There will be some new faces greeting people walking into the Ravalli County fairgrounds office soon.
Both the fairgrounds manager and the office’s administrative assistant will be leaving the office in the next couple of weeks.
Fairgrounds manager Cryss Anderson notified the county this week that March 15 will be her last day. Her assistant – and the only other fulltime fairgrounds employee – Darlene Reese is expected to leave about a week earlier.
“I’m sad to go, but I had another opportunity that I couldn’t pass up,” Reese said Thursday. “Our decisions to leave were made completely independent of each other.”
Anderson said the decision to leave the job wasn’t easy.
She has served as the fairgrounds manager for a little over a year after taking over the reins from Deborah Rogala when she retired. Anderson has worked at the fairgrounds for more than five years.
“I just really felt like I needed to be able to spend more time with my family,” Anderson said. “This job is time consuming.”
Over the last five years, Anderson said she’s seen the use of the fairgrounds and its First Interstate Center increase dramatically.
“There are events that are happening there almost every weekend,” Anderson said. “It’s a great space that could be utilized even more…It’s also a lot for our small staff to handle.”
Besides the two full time positions, the fairgrounds employees a part-time person doing data entry.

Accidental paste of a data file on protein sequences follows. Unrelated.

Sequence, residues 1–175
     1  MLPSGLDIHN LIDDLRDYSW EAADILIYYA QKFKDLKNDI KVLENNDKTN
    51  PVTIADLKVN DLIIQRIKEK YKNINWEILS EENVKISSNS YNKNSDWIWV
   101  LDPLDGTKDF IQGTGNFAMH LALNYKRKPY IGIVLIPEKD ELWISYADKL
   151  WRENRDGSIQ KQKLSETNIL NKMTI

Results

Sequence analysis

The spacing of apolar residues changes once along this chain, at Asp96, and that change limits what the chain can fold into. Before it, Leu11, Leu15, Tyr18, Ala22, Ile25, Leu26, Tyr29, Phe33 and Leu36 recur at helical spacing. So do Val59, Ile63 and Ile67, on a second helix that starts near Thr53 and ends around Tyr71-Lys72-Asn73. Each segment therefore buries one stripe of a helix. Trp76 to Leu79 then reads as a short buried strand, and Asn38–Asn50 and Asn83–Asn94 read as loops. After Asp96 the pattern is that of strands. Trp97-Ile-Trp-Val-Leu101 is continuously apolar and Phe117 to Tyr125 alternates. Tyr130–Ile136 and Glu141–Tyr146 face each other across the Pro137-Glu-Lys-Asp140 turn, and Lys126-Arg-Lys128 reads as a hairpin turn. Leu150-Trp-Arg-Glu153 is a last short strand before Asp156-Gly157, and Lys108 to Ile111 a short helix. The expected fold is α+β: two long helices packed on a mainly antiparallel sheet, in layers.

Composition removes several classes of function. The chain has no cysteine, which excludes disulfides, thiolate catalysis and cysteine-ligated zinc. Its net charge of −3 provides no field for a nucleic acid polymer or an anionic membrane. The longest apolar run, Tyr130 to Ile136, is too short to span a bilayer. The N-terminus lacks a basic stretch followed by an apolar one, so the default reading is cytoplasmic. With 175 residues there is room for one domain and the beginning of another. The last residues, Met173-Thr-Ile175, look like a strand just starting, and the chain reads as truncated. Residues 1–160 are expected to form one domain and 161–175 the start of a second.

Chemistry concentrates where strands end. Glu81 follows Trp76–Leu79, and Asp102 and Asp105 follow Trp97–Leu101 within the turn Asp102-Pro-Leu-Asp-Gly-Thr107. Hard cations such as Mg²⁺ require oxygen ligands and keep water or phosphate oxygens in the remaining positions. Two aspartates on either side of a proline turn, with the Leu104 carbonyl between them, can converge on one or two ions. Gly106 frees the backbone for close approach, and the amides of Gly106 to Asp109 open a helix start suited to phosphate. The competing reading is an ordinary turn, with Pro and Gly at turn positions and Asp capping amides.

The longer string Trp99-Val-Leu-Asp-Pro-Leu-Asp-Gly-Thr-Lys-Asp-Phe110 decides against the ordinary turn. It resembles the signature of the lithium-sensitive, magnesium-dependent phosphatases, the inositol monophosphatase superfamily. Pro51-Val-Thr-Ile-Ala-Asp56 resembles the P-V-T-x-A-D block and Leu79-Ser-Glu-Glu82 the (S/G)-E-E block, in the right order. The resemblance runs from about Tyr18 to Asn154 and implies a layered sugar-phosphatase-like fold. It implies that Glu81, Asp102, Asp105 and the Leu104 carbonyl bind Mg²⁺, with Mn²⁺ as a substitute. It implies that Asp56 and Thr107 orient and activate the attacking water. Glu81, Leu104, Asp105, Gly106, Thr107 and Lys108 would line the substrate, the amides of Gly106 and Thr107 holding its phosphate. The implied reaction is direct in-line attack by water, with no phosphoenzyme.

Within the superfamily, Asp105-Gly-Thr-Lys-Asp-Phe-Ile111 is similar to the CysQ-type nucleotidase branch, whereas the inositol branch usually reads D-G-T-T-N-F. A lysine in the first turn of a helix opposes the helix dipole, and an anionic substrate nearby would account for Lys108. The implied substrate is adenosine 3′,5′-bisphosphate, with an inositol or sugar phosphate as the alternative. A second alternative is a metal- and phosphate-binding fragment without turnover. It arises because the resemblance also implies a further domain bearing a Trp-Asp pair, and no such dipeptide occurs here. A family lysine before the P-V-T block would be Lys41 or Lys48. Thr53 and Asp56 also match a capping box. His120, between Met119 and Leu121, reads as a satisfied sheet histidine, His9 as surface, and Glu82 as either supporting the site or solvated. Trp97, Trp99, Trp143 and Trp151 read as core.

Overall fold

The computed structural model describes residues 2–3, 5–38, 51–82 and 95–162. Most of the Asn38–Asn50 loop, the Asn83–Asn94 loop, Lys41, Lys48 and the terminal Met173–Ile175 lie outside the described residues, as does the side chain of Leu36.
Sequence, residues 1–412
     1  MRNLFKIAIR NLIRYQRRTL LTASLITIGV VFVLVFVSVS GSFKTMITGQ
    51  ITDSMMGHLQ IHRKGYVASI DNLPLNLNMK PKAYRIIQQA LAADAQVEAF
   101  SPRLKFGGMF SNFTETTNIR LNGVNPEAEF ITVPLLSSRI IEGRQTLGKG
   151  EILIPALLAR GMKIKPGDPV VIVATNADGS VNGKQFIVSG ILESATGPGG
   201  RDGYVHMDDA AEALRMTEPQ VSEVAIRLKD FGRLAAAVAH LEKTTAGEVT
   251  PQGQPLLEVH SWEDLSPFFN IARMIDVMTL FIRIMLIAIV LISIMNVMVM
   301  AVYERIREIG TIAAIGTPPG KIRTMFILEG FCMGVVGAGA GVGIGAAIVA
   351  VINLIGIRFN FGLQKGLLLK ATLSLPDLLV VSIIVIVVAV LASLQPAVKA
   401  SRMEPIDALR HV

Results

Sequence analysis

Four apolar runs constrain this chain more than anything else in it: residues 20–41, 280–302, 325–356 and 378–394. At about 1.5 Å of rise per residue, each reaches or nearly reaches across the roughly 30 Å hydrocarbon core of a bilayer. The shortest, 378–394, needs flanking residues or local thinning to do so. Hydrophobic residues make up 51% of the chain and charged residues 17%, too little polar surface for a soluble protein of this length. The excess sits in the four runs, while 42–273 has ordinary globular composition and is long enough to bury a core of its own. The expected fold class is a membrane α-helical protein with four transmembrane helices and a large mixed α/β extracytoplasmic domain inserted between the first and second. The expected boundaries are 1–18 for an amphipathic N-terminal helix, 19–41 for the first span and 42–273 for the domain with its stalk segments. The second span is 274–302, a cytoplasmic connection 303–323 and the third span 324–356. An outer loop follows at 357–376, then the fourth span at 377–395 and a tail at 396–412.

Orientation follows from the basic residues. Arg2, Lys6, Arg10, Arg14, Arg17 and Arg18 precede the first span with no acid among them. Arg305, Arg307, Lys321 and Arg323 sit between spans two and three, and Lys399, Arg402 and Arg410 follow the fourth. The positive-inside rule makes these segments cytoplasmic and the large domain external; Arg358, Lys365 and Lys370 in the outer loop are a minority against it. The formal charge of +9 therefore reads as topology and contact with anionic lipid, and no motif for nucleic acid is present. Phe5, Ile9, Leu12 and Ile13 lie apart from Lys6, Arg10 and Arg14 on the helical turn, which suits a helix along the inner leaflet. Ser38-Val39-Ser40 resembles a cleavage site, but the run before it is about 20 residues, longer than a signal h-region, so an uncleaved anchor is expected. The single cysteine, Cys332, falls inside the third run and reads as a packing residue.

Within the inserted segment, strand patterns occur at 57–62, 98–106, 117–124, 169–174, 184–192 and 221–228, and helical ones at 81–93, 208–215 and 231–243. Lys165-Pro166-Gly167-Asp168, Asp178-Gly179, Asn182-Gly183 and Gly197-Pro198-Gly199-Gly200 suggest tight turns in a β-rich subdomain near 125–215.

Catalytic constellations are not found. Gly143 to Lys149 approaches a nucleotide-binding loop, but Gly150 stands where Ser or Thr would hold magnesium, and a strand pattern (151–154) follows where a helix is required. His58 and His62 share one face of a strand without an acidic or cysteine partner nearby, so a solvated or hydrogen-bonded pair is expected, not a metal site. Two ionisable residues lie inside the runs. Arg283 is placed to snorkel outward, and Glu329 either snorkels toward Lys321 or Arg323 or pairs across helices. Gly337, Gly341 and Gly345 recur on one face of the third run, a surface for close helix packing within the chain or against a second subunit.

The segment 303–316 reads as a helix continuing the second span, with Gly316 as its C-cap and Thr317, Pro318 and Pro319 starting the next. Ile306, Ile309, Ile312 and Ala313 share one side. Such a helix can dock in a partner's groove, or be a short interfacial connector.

Ravalli County Commission Chair Jeff Burrows said the county is currently accepting applications for both of the open positions.
While Burrows is confident in the county’s ability to keep the fairgrounds open to the community during the search for two new employees, there is likely to be some challenges ahead.
“Losing the number two person there puts us in a tough position for the transition,” Burrows said. “Typically, the number two person would help with that transition. We’ll take it as it comes and make it works the best we can.”
Ravalli County Human Resources Director Robert Jenne said the county has already received about 17 applications for the administrative assistant. When the county hired Anderson, it received about 11 applications, including several who were well qualified.
“Both of these ladies have done a really good job,” Jenne said. “They will be missed.”
Anderson said she will be willing to help the next fair manager get their feet on the ground.
“I love the fair and I loved my job,” she said. “It was a hard one to walk away from, but hopefully it will give more time to volunteer in the future and help to ensure that there’s a smooth transition. It was a hard choice to make.”